American Airlines charges

American Airlines charges lap child fees.

American: American offers free seat assignments, but blocks many seats out for elites and full-fare passengers, and the airline does not offer pre-boarding for families (you can see the boarding rules here). In-flight entertainment is available on most aircraft but varies widely, and parents must pay lap child fees to all international destinations.

Delta: Delta offers advance seat assignments, but no priority boarding and no free checked bags for those who aren’t elite, or don’t hold a SkyMiles credit card. In-flight entertainment for a fee is now available on most mainline aircraft, but they do charge an international lap child fee everywhere they fly outside the United States.

The animals on the tail of Frontier planes are a big hit with kids.

The animals on the tail of Frontier planes are a big hit with kids.

Frontier: Kids love the animals on the tail of Frontier planes, and parents can enjoy no lap child fees to their many international destinations in Mexico, the Caribbean, and Costa Rica. Seat assignments can be chosen for free by those who book directly through their web site, and are available for a fee for those who book with a third party. There are seatback televisions with live broadcast channels for a fee. Families needing assistance board in Zone 1, after elites but before most other passengers, and there are always checked bag fees for those who traveling on awards and those who purchase the least expensive tickets. In fact, those who book through third parties must now pay fees for carry-on bags in the overheads as well. Award bookings are exempt from seat assignment fees and carry-on bag fees.

JetBlue: JetBlue offers family preboarding (children 2 and under), one free checked bag, and in-flight entertainment for free (premium channels cost extra). Best of all, there are no international lap child fees for their flights to all of their international destinations.

Southwest doesn;t offer child or infant fares.

Southwest doesn’t offer child or infant fares.

Southwest: No one receives seat assignments on Southwest, but if you make any attempt to check the day before your flight, you should be able to board early enough to find seats together using their open seating policy. Families traveling with children four and under board after all A Group passengers, but before the B Group; a boarding position I call B-0. All passengers receive two free checked bags, and international lap child fees are not an issue as they do not serve any destinations outside of the United States at this time. One can only hope that they retain AirTran’s no fee policy for lap children when they fold up their subsidiary in 2014 and begin international service under the Southwest brand.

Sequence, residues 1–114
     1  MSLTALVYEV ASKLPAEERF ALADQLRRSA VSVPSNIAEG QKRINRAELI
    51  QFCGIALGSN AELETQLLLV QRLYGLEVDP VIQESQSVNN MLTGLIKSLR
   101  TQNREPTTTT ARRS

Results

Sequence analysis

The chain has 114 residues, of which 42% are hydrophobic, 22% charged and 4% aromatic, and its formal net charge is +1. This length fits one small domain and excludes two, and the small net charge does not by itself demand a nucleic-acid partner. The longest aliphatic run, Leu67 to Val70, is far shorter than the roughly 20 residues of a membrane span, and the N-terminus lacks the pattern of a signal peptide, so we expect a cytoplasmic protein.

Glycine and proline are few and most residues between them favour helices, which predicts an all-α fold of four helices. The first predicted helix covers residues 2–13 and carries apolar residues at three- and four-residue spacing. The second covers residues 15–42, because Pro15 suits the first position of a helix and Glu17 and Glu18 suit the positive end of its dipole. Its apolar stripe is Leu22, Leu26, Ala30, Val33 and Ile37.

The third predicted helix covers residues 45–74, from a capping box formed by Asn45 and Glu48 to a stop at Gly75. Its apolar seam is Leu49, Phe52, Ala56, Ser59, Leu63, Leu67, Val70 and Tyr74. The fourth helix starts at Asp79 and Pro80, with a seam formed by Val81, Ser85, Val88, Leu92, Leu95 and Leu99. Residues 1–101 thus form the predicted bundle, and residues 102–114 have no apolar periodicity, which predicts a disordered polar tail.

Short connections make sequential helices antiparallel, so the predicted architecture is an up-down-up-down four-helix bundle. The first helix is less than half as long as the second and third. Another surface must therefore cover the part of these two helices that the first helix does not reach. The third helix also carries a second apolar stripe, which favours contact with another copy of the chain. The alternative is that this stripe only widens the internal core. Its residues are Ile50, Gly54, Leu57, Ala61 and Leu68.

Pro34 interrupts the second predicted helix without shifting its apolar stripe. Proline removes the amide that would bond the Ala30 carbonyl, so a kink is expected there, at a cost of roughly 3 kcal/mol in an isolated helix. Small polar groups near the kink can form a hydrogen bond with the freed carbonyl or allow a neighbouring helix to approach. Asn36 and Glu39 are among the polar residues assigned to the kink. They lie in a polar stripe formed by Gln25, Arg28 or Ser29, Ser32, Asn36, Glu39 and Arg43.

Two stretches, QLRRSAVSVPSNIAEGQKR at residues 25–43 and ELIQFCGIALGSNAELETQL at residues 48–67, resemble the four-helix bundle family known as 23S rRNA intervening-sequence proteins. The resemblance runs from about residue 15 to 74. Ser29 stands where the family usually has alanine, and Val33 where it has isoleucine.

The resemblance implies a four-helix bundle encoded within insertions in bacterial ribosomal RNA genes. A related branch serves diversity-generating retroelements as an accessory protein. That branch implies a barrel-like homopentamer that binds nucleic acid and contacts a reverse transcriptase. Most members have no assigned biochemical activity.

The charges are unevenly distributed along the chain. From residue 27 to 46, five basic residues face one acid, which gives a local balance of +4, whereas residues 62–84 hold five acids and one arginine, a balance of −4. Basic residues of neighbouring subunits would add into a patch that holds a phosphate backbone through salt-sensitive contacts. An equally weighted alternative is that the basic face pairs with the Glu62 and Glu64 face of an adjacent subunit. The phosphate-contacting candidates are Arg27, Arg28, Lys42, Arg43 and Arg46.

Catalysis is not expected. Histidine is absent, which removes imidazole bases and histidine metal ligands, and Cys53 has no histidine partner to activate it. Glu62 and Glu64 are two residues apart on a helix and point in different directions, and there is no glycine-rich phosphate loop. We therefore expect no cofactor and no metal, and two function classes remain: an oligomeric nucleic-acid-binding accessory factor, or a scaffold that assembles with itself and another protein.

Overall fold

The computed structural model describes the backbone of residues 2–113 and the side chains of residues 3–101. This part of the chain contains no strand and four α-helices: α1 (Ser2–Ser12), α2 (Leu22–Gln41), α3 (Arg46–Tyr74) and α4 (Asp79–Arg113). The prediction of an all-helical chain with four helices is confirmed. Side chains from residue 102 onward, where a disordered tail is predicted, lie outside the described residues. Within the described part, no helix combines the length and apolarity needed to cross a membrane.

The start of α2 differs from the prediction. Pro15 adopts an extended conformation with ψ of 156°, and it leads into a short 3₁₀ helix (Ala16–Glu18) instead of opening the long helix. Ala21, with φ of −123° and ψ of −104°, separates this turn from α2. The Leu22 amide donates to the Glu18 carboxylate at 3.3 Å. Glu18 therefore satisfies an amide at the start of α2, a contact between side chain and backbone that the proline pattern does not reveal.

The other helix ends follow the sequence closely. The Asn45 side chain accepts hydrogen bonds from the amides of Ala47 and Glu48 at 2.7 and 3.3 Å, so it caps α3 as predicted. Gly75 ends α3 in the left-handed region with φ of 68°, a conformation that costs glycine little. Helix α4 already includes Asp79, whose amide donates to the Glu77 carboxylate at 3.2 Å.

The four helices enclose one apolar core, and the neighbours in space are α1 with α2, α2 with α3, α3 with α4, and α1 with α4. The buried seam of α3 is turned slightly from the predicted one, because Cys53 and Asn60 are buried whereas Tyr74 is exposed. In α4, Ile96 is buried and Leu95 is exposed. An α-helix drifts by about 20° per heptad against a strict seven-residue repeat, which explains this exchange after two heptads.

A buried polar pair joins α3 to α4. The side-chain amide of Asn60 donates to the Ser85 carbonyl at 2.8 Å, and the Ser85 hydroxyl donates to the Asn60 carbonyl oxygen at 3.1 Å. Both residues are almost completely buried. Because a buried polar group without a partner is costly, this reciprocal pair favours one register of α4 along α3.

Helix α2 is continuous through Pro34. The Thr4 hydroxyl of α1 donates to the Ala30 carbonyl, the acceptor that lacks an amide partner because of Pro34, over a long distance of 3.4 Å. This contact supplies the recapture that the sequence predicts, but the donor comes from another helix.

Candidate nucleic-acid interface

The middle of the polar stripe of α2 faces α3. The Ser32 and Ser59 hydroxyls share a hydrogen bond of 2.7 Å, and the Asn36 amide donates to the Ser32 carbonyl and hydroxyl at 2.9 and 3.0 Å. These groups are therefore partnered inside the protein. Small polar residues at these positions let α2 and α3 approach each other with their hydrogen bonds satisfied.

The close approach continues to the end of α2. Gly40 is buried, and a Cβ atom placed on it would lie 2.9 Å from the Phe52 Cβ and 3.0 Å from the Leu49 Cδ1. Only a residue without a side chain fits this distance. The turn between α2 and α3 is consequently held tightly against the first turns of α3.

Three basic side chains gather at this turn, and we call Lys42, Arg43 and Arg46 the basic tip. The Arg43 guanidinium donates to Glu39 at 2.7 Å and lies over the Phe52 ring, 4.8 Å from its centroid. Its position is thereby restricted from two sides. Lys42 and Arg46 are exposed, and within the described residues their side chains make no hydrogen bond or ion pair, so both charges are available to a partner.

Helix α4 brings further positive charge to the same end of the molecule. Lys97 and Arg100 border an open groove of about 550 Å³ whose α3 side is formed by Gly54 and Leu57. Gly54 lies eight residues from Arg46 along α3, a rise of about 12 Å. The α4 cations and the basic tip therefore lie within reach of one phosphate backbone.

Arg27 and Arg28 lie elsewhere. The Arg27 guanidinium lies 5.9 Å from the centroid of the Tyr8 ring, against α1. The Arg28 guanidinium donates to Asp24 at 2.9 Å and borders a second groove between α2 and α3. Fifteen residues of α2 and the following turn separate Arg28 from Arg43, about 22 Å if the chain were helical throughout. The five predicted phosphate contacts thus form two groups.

There are no seatback televisions, but Southwest just announced that they will be offering free 14 channels of live service from DishTV using their in-flight WiFi service, currently available on 75% of their aircraft. The only negative thing I can say is that they require documentation of age for all lap children. Your newborn could be one month old and weigh ten pounds, but you will still have to provide a passport, birth certificate, or immunization record to prove that he or she is still under two years of age.

Spirit: No family boarding, no in-flight entertainment, and plenty of fees for checked bags, carry-on bags, and seat assignments make this a difficult airline for families (and everyone else). Yet surprisingly, they do not charge lap child fees for any of their international destinations. Take that legacy carriers!


United is one of the least family-friendly airlines.

United: In an apparent bid to become the least family-friendly carrier, United removed family preboarding last year. In-flight entertainment is being rolled out at a snail’s pace, and its presence will depend on what aircraft you are on. There are free advanced seat assignments, but don’t be surprised to find nearly all seats blocked for elites. In my experience, families who are separated from their small children are met with indifference by harried flight crews who suggest that parents just ask around for volunteers to switch seats with them. There are no free checked bags, other than for elites and credit cardholders. And finally, they charge lap child fees for all international destinations, except Canada.

Be sure your electronic ticket does allow for a lap child.

US Airways charges lap child fees for international travel.